Prove that all numbers above 12 can be expressed in the form \(7x + 3y\) by any method. Preferably by mathematical induction.

- \(x\) may be equal to \(y\) and,
- \(x\) and \(y\) are positive integers.

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## Comments

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TopNewestThe answer is trivial by Postage Stamp Problem / Chicken McNugget Theorem.

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Yeah! I had thought of this. But I was not that sure to post it :)

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Same here! BTW, did you think of anyway to prove it? If yes do share it.

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-_-

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@Sravanth Chebrolu

Do you know what Chicken-Nugget theorem is? Isn't it has become obvious now? What do you think you need to prove now?@Pi Han Goh Do we require more proof? It seems Chicken Nugget does all the work.

Oh Wait! Sravanth do you want us to prove Chicken Nugget theorem?

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Let \(m\) and \(n\) be positive coprime integers. Then the greatest integer that cannot be written in the form \(am + bn\) for nonnegative integers \(a\) and \(b\) (called the Frobenius number) is \(mn-m-n\).

Here \(m,n=(7,3)\) and substitution gives us answer as \(11\). This is a universally accepted theorem. If you have any problem with this , do tell me. It seems you didn't know this theorem at all.

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Yes sir. I thought of it before posting this note. Actually the question was "You are in a world where, there are only denominations of \($7\) and \($3\). What is the minimum number, above which you can obtain all possible values?"

So, what do you think sir? Can't there be an inductive proof for this?

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"What is the minimum number, above which you can obtain all possible values?"

That is an impossible scenario isn't it?

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I think the most intuitive way to go about this is by expressing the \(10\) numbers after \(12\) (as a set, \(S=\{13,14,15,...,22\}\)). Once that is shown, the proof is essentially over, because we can just add \(10\) to any number in \(S\), which will let us form any \(n>12\) as \(7x+3y\), with \(x\) and \(y\) being non-negative integers.

Clearly, setting \(x=0\) allows us to attain any multiple of \(3\), which in \(S\) will give us \(15,18,\) and \(21\). Similarly, we can set \(y=0\) to attain any multiple of \(7\), which in \(S\) will give us \(14\) and \(21\). So, now we have the in-between cases of \(x,y \neq 0\). We can pluck the right \(x\) and \(y\) rather easily for these. \[13 = 7(1)+3(2)\] \[16= 7(1)+3(3)\] \[17 = 7(2)+3(1)\] \[19=7(1)+3(4)\] \[20=7(2)+3(2)\] \[22=7(1)+3(5)\] So, now we have a corresponding set of pairs \((x,y)\) which give us each number in \(S\), and we'll call this set \(S*=\{(x_{13},y_{13}),(x_{14},y_{14}), ... , (x_{22},y_{22})\}\).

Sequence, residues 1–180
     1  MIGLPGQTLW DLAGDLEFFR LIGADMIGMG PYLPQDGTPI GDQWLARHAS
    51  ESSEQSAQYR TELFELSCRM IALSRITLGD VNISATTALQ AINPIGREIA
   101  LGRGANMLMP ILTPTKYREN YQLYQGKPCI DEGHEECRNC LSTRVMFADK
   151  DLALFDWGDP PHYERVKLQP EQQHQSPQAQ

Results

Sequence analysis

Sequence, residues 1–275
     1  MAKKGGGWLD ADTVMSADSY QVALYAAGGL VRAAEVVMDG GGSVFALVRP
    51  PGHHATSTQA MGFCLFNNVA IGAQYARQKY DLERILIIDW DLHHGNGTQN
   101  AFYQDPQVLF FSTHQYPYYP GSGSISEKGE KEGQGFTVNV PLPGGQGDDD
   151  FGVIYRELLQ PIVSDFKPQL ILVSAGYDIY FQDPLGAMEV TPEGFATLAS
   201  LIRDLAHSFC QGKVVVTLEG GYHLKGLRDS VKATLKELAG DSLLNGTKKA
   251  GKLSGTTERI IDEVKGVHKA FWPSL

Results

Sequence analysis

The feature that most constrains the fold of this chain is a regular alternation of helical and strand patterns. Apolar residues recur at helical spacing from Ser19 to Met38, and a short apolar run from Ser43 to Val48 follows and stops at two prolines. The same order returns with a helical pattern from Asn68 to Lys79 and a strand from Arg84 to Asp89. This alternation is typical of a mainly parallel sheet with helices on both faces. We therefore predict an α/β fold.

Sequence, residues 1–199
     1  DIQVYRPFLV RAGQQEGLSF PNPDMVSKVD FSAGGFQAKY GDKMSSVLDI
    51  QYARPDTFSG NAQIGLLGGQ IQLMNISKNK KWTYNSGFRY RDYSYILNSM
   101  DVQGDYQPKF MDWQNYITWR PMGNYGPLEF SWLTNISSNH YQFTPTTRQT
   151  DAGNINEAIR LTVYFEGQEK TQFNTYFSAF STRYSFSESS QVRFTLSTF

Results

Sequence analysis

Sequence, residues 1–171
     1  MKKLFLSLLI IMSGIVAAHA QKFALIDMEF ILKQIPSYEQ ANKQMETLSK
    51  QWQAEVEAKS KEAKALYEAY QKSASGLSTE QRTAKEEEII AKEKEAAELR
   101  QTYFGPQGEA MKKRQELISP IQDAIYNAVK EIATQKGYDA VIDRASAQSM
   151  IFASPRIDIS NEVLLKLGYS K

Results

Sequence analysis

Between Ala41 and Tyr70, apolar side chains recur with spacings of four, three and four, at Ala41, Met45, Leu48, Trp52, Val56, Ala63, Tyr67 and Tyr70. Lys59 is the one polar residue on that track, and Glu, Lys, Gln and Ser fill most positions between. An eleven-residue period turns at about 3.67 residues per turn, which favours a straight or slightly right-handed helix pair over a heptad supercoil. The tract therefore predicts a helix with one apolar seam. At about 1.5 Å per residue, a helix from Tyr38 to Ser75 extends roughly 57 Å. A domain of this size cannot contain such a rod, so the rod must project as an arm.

Now, any \(n>12\) can be formed. Say we want \(26\). Then we take the pair that gave us \(16\) and we add one to both \(x\) and \(y\): \(7(1+1)+3(3+1)=26\). So all we have done is add \(10\) to our \(16\). If we want to add \(40\) to an element of \(S\), we just add \(4\) to each \(x,y\) in the appropriate element of \(S*\). In general, we can add any multiple of \(10\) by simply adding \(n\) to each \(x\) and \(y\) of the appropriate pair. Thus we can express any \(n>12\) as \(7x+3y\) for positive \(x\) and \(y\).

It's not the most elegant proof, but it works. I'd love to see a more elegant proof.

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Well done sir! But, this indeed doesn't prove that all numbers can be

surelyexpressed as \(3x+8y\). Anyway it was a very good attempt sir!Log in to reply

What is it lacking?

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Are \(x\) and \(y\) non-negative integers?

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Yeah. Thanks for asking! I've modified it. \(\huge\ddot\smile\)

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If they are, \(15\) is not possible. Do you mean that they are integers (positive or negative)?

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@Sharky Kesa, @Daniel Liu, @Michael Mendrin sir, @Azhaghu Roopesh M sir can you post your own proofs?

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@Calvin Lin sir and @Nihar Mahajan. Can you post your proofs? Please. . .

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